• Head Size: A Purple Finch’s head is slightly (but clearly) larger relative to its body than a House Finch’s head
  • Color: Male Purple Finches are wine-colored, and the color is more evenly distributed over the bird than is the case for the House Finches
  • More Color: The Purple Finch’s wing bars are pinkish – vs. white in the House Finch.
  • Even More Color: The chest and belly stripes on the Purple Finch are pinkish vs. brown for the House Finch
  • On females, the two head stripes of the Purple Finch are clear and distinct vs. absent on the House Finch

How do I create field notes and sketches?

The more specific detail, the better. You can also create a sketch or take a photo to assist in the identification.

What’s that group of birds called?

  • A siege of herons
  • A siege of bitterns
  • A brood of chickens
  • A herd of cranes
  • A murder of crows
  • A team of ducks (in flight)
  • A paddling of ducks (on the water)
  • A convocation of eagles
  • A charm of finches
  • A skein of geese (on the wing)
  • A gaggle of geese (on the water)
  • A flight of goshawks
  • A covey of grouse (single family)
  • A pack of grouse (larger band)
  • A colony of gulls
  • A kettle of hawks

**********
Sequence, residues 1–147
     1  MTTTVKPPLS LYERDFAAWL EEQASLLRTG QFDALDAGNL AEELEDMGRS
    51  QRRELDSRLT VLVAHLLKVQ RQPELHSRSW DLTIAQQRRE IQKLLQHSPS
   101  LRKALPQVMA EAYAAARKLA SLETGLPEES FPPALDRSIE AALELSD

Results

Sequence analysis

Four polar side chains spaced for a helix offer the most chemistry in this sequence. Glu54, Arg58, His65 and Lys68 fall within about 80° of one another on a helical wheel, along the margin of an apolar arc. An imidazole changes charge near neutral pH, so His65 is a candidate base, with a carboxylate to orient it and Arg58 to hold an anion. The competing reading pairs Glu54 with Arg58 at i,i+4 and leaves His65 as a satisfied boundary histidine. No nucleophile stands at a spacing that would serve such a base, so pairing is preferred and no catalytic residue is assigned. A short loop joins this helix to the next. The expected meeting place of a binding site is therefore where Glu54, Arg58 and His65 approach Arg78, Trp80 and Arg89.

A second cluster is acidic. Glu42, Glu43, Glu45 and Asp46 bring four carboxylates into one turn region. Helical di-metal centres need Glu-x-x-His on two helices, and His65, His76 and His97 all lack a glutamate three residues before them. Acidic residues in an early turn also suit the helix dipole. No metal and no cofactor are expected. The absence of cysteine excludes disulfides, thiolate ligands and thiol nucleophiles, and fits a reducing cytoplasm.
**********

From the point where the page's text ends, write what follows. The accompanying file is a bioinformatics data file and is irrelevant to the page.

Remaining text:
• A brood of hens
  • A charm of hummingbirds
  • A band of jays
  • A deceit of lapwings
  • An exaltation of larks
  • A flush of mallards
  • A watch of nightingales
  • A flock of parrots
  • A covey of partridge
  • A muster of peacocks
  • A brood of pheasants (family)
  • A nye of pheasants (large group)
  • A flight or flock of pigeons
  • A congregation of plovers
  • A run of poultry
  • A bevy of quail
  • An unkindness or a congress of ravens
  • A clamour of rooks
  • A walk of snipe
  • A host of sparrows
  • A chattering of starlings
  • A mustering of storks
  • A flight of swallows
  • A herd or a wedge of swans
  • A flock of swifts
  • A knob of widgeons
  • A herd of wrens
  • A parliament of owls
  • For more information, see Group Names for Birds or Birds in Numbers

What’s the best book on … ?

A bibliography and reviews of titles recommended by participants in Project FeederWatch has been compiled by Cristina Eisenberg. [I’ll make that separate webpage into a separate post as well.]

Which are the best binoculars (or scope)?

This must be one of the most often heard questions in every birding discussion group I’ve ever been a part of, I guess because all of us need the information at some point in our birding lives, when we realize that those old faithful binoculars we had for years and taken for granted just aren’t good enough. Here are some sources of objective reviews: 

  • Better View Desired
  • BWD… Your Guide to Optics!
  • Optics for Birding Home Page
  • Living Bird – A Guide to Spotting Scopes
  • New Jersey Audubon Society
    • Reviews
    • Pick of the Pack
    • Pick of the Pack for Spotting Scopes

What other gadgets are available?


Should I buy Shade-grown coffee?

The Smithsonian Migratory Bird Center discusses shade-grown coffee and provides a list of certified shade-grown organic coffee vendors. The 2001 theme for International Migratory Bird Day was helping people make the “Coffee Connection.” 

You might be a birder if …

  • Someone yells “Duck!”, and you look up and shout “Where?”
  • Vacations are planned to maximize the number of life birds.